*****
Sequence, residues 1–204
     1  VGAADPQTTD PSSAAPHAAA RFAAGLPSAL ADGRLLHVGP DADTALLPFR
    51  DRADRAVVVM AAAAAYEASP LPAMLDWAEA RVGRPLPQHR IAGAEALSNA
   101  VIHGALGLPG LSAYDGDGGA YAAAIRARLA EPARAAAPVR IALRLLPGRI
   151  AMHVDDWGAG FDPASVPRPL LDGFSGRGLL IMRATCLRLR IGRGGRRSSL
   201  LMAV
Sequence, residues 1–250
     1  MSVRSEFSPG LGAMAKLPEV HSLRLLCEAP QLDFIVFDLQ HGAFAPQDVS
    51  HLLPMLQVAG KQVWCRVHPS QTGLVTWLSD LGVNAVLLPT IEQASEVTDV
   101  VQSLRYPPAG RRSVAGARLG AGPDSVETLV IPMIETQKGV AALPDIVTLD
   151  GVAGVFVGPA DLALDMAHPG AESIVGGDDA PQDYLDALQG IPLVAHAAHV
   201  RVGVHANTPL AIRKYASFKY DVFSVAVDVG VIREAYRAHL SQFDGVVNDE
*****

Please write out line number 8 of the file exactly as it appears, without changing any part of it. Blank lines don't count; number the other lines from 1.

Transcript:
     1  MSVRSEFSPG LGAMAKLPEV HSLRLLCEAP QLDFIVFDLQ HGAFAPQDVS